15. Cameron Davis, rs-fr., 6-0, 205

Position: running back

Potential role in 2021: Dark horse candidate to be UW’s lead back.

Why he’s ranked here: The numbers don’t suggest Davis belongs this high on the list. In six career games, the former four-star recruit has rushed for a total of 73 yards and 4.3 yards per carry. But, considering his combination of physicality, explosiveness and shiftiness, Davis may be due for a breakout season. UW running backs coach Keith Bhonapha said last spring that “this is a guy who is a difference-maker with the ball in his hands. He has the ability to change gears. He’s tough. He’s physical.” And soon enough, he may be UW’s starting running back.

14. Dylan Morris, rs-fr., 6-0, 200

Position: quarterback

Potential role in 2021: The favorite to be UW’s starting quarterback for a second consecutive season.

Why he’s ranked here: Lake said last week that “we’re very happy with what Dylan Morris did for us this last fall. He played very, very effectively for his first time ever playing college football.” That translated to a 61% completion rate and 897 passing yards with six total touchdowns and three interceptions in four games. There is room to improve — particularly with his deep ball — but Morris is a natural leader, a steady performer and a deceptive runner. While a quarterback competition is ongoing, Morris is likely the man this fall.

13. Richard Newton, so., 6-0, 215

Position: running back

Potential role in 2021: Will compete with Sean McGrew, Cameron Davis and Kamari Pleasant for starting running back reps.

Why he’s ranked here: What to make of Richard Newton? The 215-pound pinball led the Huskies with 11 total touchdowns in 2019, then was benched for the final two games last season for a non-injury or COVID reason that Lake has declined to divulge. Still, Lake did say last spring that “this could be his biggest year yet.” Newton has amassed a number of injuries already in his college career, but if healthy — and available — he has the ability to be a mercilessly bruising back.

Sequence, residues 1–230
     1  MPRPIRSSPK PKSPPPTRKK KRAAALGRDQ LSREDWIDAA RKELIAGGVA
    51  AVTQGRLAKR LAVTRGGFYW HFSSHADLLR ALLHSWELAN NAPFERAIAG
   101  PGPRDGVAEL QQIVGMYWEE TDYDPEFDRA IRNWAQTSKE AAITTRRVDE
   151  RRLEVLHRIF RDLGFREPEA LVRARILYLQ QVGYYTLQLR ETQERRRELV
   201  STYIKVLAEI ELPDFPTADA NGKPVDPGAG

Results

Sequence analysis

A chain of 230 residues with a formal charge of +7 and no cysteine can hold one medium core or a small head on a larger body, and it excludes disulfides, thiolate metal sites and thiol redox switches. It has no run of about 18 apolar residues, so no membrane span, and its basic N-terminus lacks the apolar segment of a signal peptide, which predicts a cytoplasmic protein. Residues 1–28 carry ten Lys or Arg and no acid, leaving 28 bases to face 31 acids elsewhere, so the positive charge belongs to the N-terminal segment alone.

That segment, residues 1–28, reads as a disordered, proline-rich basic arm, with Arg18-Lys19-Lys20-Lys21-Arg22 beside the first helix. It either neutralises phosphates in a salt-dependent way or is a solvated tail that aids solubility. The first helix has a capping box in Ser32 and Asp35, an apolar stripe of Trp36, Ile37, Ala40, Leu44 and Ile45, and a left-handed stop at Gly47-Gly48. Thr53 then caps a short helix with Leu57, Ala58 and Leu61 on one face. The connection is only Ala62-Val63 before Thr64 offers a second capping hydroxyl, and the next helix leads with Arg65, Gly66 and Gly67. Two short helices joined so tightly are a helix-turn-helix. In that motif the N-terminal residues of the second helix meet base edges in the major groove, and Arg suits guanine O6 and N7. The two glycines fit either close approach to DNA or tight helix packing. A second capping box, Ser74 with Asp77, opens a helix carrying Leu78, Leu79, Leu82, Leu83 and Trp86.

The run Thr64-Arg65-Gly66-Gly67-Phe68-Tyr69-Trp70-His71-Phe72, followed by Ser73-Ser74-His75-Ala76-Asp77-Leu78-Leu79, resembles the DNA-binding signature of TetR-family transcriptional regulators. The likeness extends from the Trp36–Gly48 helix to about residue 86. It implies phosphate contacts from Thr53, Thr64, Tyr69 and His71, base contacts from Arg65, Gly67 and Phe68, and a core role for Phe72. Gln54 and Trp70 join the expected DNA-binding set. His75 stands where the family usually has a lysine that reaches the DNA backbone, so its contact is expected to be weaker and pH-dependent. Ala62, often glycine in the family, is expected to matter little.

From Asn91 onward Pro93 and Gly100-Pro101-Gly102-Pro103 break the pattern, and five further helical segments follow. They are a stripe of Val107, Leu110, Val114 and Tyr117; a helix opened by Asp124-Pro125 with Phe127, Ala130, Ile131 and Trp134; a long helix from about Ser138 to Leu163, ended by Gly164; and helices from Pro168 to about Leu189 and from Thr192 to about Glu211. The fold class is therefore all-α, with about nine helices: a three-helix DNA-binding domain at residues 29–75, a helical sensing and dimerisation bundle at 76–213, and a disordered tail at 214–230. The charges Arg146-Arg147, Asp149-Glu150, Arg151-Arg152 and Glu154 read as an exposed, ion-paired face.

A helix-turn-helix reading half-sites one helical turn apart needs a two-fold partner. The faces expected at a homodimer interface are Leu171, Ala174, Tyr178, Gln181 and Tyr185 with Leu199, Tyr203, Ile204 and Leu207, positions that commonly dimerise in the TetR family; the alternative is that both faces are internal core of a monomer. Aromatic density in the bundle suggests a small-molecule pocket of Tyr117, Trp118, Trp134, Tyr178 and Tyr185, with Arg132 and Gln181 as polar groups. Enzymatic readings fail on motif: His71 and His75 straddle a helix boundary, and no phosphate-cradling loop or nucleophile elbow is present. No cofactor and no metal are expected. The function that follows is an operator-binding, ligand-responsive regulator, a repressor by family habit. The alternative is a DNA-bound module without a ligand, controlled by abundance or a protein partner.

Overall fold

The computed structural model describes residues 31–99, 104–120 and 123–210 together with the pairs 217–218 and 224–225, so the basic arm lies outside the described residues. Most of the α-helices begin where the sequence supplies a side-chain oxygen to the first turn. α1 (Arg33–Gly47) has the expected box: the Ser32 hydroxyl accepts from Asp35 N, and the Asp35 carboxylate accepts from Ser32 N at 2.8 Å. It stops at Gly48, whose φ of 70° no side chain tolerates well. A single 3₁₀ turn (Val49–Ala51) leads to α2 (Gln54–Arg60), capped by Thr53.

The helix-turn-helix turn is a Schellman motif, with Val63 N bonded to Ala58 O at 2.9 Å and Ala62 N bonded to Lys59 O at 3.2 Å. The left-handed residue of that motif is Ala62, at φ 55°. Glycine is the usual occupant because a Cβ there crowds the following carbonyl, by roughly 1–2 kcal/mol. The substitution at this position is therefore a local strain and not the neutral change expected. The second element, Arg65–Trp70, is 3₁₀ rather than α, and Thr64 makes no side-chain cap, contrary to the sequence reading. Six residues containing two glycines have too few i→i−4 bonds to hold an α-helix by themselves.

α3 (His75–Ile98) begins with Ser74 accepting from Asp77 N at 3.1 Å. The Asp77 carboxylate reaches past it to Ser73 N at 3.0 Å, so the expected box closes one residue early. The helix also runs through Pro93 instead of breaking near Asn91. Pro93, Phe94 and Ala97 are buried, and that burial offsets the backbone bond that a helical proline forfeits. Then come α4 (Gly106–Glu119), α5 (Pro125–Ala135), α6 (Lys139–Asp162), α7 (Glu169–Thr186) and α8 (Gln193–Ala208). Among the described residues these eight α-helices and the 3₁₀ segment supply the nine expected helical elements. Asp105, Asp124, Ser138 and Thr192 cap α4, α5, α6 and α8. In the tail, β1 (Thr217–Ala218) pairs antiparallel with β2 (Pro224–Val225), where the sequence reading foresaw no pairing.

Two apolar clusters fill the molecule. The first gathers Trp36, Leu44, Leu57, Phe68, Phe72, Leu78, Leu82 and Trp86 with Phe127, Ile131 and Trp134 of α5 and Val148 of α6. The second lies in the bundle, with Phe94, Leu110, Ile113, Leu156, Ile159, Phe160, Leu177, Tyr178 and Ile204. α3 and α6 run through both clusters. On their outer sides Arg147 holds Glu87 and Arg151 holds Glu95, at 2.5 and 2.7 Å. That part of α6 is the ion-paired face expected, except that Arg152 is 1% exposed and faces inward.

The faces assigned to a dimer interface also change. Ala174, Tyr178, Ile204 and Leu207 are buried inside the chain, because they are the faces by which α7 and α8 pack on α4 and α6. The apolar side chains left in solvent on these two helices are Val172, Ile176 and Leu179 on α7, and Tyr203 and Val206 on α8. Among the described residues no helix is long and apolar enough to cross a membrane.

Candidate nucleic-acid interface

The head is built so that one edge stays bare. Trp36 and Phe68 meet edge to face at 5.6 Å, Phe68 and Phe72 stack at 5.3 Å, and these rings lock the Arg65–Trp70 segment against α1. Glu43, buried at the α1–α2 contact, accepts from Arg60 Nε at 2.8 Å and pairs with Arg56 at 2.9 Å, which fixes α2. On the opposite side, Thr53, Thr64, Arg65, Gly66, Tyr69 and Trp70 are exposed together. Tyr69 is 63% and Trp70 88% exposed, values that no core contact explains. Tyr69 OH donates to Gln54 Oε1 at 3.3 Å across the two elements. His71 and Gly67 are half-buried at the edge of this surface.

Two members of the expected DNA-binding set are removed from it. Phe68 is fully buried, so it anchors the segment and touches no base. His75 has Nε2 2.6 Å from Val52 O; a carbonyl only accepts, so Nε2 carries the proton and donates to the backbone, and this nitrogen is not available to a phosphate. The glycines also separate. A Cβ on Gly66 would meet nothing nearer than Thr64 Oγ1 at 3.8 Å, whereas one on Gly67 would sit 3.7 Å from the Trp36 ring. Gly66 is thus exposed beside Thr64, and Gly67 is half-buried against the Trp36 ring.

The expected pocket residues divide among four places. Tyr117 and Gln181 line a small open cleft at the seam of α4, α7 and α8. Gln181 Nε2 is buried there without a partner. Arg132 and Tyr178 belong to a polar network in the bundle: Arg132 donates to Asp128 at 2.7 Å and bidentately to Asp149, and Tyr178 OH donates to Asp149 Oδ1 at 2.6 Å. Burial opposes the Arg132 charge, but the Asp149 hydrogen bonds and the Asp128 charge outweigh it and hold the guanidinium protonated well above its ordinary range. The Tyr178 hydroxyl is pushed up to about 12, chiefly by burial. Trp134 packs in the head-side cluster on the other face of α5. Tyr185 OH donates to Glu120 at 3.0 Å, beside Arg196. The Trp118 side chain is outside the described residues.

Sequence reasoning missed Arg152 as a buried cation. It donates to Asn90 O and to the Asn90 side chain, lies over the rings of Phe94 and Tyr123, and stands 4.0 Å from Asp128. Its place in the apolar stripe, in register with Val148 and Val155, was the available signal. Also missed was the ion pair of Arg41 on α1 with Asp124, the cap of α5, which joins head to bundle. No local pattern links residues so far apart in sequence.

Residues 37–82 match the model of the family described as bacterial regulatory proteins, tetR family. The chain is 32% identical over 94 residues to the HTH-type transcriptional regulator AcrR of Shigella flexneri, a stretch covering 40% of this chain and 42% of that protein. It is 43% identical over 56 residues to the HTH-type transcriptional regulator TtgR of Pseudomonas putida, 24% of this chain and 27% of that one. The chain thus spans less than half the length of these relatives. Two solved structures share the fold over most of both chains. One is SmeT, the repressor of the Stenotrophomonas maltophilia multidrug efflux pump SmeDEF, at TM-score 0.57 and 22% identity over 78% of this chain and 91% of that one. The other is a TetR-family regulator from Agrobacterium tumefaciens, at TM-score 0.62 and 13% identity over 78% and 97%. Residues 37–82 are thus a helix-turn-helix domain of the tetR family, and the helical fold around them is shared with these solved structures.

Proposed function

12. Sean McGrew, sr., 5-7, 180

Position: running back

Potential role in 2021: Reliable running back who should earn carries, targets and possibly return duties as well.

Why he’s ranked here: McGrew is so much more than his measurables. The sixth-year senior and preseason Doak Walker Award candidate led the Huskies with 227 yards, 5.3 yards per carry and four touchdowns last season, while contributing as a kick returner as well. He’s a deceptively tough runner and a good blocker with burst in the open field. And equally important, he’s durable, having appeared in 29 of the Huskies’ last 31 games.  

11. Tuli Letuligasenoa, so., 6-2, 300

Position: defensive line

Potential role in 2021: Starter and foundational piece in the middle of UW’s defensive line.

Why he’s ranked here: A former USC commit and national recruit, Letuligasenoa oozed promise in 12 games in 2019 — producing 23 tackles with two tackles for loss and a sack in a reserve role. And after playing sparingly last season due to injury issues, he appeared both confident and healthy during April practices. For UW’s defense to dominate the Pac-12 in 2021, it must consistently stop the run. And to do that, Letuligasenoa must operate as a black hole for opposing running backs. The potential has always been there. Now, it’s time to produce.